In Spain it's known as a Spanish omelette (in Spanish, tortilla). In Italy it's a potato frittata (in Italian, frittata di patate).
Wherever you are, and whatever you're looking for - picnics or party food, a quick lunch or combined with salad as a tasty evening meal - this authentic recipe uses ingredients you're likely to have in stock and takes just minutes to make.
I learned it many years ago when I lived with a Spanish family in Sevilla, Spain. It was a staple of the family's diet and it's been a favourite of mine ever since.
It was used in both Spain and Italy as an inexpensive dish in times of extreme poverty. Most people kept their own chickens, farmed their own veg and made olive oil from their own trees, so it cost virtually nothing to make.
For that reason, its main ingredients are traditionally kept very simple, despite other recipes you'll find online which add many different ingredients, particularly peppers, often parsley and sometimes even meat.
At most, our Italian friends may add some garlic and onions. But apart from that it's just potatoes, eggs and a little oil.
This is the real deal!
We eat Spanish omelette in very much the same way I enjoyed it in Spain. It makes a light but filling main meal when taken straight from the oven and combined with a tomato and onion salad.
It also tastes really good cold and it's great for a light snack on hot summer days. I have especially fond memories of it being left to go cold, cut up into individual portions, wrapped in cling film (Saran wrap) and eaten as part of a picnic on the long journey to the family's summer house in the beautiful Andalusian countryside.
These days we also eat it as finger food at family fiestas. Spear small pieces with a cocktail stick and enjoy with a glass of cold white wine.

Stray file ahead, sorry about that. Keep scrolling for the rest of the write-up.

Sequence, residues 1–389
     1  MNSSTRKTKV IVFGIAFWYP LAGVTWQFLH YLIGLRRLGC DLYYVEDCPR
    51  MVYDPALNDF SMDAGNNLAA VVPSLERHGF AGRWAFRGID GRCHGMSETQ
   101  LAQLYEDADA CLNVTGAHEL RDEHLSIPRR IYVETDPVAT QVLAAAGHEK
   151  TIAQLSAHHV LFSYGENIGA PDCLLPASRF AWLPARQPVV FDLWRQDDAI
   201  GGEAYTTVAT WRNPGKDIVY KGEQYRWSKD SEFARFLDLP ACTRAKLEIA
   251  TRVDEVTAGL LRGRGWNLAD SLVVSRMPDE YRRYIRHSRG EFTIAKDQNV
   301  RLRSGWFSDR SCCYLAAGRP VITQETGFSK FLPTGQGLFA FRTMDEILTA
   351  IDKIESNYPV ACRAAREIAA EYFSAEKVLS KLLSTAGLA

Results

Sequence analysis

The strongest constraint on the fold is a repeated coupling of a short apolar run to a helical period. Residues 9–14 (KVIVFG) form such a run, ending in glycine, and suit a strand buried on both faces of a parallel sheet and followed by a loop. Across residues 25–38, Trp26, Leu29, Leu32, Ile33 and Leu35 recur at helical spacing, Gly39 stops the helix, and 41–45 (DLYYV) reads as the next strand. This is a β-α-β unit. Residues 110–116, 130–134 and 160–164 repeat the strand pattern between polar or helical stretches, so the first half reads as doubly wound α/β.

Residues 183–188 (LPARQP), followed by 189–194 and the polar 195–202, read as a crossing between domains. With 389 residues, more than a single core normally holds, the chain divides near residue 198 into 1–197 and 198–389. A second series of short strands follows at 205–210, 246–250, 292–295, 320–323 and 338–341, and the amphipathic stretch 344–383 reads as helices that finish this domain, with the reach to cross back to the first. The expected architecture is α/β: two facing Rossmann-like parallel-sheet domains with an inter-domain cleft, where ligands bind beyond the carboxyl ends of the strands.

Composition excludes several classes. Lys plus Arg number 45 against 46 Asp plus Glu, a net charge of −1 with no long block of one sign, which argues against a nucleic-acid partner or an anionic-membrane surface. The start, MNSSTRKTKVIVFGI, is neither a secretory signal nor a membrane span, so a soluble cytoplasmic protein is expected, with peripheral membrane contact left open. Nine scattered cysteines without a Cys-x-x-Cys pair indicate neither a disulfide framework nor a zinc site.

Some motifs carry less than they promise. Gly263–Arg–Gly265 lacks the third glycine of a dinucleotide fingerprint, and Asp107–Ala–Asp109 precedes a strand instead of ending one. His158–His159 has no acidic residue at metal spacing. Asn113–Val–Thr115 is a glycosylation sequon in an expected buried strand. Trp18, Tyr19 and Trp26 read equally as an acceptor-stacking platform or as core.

When I make Spanish omelette at home it's more than enough for the two of us as a main meal - in fact it will feed four.
It's like a cake consistency, so for a picnic it will cut up easily into at least eight individual portions. As finger food at a party buffet it will cut into triangles or squares as large or small as you want.
I used to use a frying pan, but then discovered cast iron skillets and now, I wouldn't use anything else. It needs to be well "seasoned", especially for cooking eggs - otherwise they stick to the pan.
This is the one I use - it's a 12" American brand called "Lodge" and I've been very happy with it. I use it for all my frittata-type recipes.
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You can buy it at this link on Amazon.
Whichever pan you use, it must be oven-proof.
This is a very flexible recipe. Both Italian and Spanish people will use as much as they feel like using at the time!
You can add more potatoes, onion and garlic if you want to - I usually do - or leave them out altogether if you don't like them.
The best potatoes to use are small, new potatoes but any you have in your store cupboard will do fine. Whether or not they're new potatoes, I don't peel them but if you want to, feel free!